With the Central Bank of Russia leaving the refinancing rates unchanged but lifting reserve requirements to 5.5% from 4.5% for non resident companies and to 4% from 3.5% for others, Business RT spoke with Deutsche Bank economist Yaroslav Lissovilok.
RT: Has the Central Bank got it right or are they not doing enough to curb inflation?
YL: “Well I think certainly there were some encouraging signs regards inflation recently. We have seen some deceleration, so to some degree I think the decision not to raise rates may have been partly impacted by this more favourable recent development. But ultimately all of these decisions are related to interest rates, to reserve requirements, they are a balancing act between high inflation and the need to curb inflation, and, at the same time, growth considerations, and measures that would to some degree bolster economic growth in the country.”
RT: How much is the Central Bank relying on the strength of the rouble to keep prices in check, and what happens if the currency weakens?
YL: “Well, certainly in our view, some of the deceleration that we have seen in inflation recently may be due to rouble appreciation, and certainly the scale of rouble appreciation has been quite significant since the beginning of this year. I think, going forward, probably the Central Bank will start to rely less on this instrument, and curbing inflation on the exchange rate instrument, and will start to use some of the other instruments more, like reserve requirements, for example.”
RT: What is your forecast for inflation, bye the way it has dropped in February compared to January, do you think it is a temporary development?
YL: “Well, I think, as a trend, we will see further declines in inflation in the course of this year. Our forecast is 8.5% by the end of the year. Currently we are at around 9.4, 9.5%. So I think there are grounds for further deceleration, but I think a lot will depend on the forcefulness of the actions of the Central Bank.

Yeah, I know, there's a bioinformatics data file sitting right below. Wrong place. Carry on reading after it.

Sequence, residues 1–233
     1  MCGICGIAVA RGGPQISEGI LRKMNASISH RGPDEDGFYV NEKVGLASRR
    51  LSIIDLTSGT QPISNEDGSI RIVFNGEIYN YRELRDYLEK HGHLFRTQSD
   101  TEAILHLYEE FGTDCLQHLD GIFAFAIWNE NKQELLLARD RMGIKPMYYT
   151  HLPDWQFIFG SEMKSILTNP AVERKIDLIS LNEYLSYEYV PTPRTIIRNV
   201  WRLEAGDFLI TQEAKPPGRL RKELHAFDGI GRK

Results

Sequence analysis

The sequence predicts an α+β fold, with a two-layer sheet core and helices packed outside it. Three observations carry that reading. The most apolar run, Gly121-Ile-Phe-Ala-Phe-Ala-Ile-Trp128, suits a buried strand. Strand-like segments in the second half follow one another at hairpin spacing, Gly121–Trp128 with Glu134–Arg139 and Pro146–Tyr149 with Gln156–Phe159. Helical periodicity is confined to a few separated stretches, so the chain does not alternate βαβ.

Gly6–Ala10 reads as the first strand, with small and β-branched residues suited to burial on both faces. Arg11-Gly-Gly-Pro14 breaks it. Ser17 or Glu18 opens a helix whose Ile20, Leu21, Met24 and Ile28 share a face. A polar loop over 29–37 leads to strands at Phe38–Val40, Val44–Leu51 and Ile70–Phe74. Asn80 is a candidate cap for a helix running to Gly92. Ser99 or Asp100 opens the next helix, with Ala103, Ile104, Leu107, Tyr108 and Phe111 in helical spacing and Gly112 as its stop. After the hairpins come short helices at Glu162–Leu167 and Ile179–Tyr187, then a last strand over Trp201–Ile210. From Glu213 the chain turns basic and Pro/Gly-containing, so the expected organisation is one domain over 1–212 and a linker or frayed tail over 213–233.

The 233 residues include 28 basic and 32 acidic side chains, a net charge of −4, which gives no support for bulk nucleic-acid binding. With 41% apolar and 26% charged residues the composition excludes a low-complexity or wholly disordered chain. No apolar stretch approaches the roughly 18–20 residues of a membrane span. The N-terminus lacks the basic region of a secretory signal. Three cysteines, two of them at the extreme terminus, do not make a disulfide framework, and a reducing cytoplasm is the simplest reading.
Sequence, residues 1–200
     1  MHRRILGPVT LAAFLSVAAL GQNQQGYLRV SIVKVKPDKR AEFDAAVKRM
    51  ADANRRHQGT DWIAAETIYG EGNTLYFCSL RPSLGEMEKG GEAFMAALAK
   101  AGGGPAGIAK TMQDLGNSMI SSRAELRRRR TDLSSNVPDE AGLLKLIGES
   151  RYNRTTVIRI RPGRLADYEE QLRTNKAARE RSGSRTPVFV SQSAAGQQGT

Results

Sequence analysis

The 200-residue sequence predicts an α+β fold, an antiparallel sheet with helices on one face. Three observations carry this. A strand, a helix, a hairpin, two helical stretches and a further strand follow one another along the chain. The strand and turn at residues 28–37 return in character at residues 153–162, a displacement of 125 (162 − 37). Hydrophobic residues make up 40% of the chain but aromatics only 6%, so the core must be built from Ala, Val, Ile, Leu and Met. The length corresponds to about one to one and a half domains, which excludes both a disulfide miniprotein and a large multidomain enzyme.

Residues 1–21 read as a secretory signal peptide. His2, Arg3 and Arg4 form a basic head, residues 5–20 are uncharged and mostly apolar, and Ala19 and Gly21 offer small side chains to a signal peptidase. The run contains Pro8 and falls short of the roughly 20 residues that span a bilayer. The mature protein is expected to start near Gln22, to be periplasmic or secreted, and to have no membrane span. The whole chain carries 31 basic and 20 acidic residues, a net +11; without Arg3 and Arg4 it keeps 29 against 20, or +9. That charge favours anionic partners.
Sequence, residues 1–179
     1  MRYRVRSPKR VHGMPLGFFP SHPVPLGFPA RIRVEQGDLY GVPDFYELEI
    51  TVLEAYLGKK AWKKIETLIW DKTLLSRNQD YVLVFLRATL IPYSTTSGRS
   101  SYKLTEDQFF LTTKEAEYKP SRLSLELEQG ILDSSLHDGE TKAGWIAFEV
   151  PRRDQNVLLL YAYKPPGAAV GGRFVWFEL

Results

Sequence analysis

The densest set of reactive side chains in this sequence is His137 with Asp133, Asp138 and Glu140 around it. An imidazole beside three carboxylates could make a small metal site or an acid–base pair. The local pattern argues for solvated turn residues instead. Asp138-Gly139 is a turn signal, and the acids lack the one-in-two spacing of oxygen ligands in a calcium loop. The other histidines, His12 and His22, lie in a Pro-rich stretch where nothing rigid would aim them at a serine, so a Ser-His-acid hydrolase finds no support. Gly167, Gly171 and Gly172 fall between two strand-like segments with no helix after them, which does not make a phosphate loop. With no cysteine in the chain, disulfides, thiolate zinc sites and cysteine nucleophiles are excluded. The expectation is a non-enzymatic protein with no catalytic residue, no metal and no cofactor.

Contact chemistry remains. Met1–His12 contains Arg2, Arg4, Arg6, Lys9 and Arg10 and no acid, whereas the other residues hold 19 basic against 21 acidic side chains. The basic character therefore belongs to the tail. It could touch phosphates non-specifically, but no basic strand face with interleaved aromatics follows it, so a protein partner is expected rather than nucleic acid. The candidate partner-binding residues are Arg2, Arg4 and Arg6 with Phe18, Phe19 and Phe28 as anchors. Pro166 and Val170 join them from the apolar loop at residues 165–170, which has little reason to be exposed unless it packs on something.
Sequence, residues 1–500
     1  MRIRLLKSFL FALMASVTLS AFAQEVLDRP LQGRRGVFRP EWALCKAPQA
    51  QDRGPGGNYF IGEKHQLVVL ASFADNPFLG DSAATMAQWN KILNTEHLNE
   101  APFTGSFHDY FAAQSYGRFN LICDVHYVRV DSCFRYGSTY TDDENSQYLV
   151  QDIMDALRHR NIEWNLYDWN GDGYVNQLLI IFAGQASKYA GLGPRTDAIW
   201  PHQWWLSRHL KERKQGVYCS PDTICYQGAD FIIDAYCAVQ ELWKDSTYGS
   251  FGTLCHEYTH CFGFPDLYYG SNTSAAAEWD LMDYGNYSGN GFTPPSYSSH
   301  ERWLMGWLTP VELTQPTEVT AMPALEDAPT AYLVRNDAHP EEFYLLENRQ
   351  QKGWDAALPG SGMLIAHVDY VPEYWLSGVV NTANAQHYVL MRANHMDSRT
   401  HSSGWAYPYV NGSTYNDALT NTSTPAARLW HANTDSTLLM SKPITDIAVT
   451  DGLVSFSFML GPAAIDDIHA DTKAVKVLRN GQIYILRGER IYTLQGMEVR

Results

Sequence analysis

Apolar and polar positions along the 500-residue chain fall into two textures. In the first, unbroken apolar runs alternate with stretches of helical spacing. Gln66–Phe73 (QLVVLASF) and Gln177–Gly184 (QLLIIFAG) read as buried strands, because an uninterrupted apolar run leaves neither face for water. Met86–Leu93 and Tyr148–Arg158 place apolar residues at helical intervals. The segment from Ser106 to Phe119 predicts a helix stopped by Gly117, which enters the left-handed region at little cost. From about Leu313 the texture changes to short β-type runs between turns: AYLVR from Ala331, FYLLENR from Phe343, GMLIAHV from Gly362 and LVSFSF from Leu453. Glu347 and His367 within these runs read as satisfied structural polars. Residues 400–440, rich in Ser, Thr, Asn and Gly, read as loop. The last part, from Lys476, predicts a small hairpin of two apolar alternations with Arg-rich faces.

RT: And also the Central Bank has once again raised the reserve requirement for banks. Is this an effective way to remove liquidity from the market?
YL: “I think, given the difficult circumstances that a lot of the Central Banks in the world face these days, and the concerns that the Central Bank has with regard to capital inflows, I think this is the preferred instrument. That they raise reserve requirements, this is sterilizing liquidity, and this is better than the increase in interest rates which would have, as a negative implication, excessive capital inflows into the country.”
RT: Once again, what is your view about the rouble?
YL: “With regard to the rouble, our view is that by the end of the year it will be about 20 roubles versus the dollar. We still see some scope for rouble appreciation in the course of the year. But again, I don’t think it is going to be used as intensively as we have seen so far. Of course there are considerations associated with some of the negative implications of rouble appreciation – for growth for example, especially in the manufacturing sector and sectors that are competing with imports. So my view is that perhaps another several percent and then this is it for rouble strength.”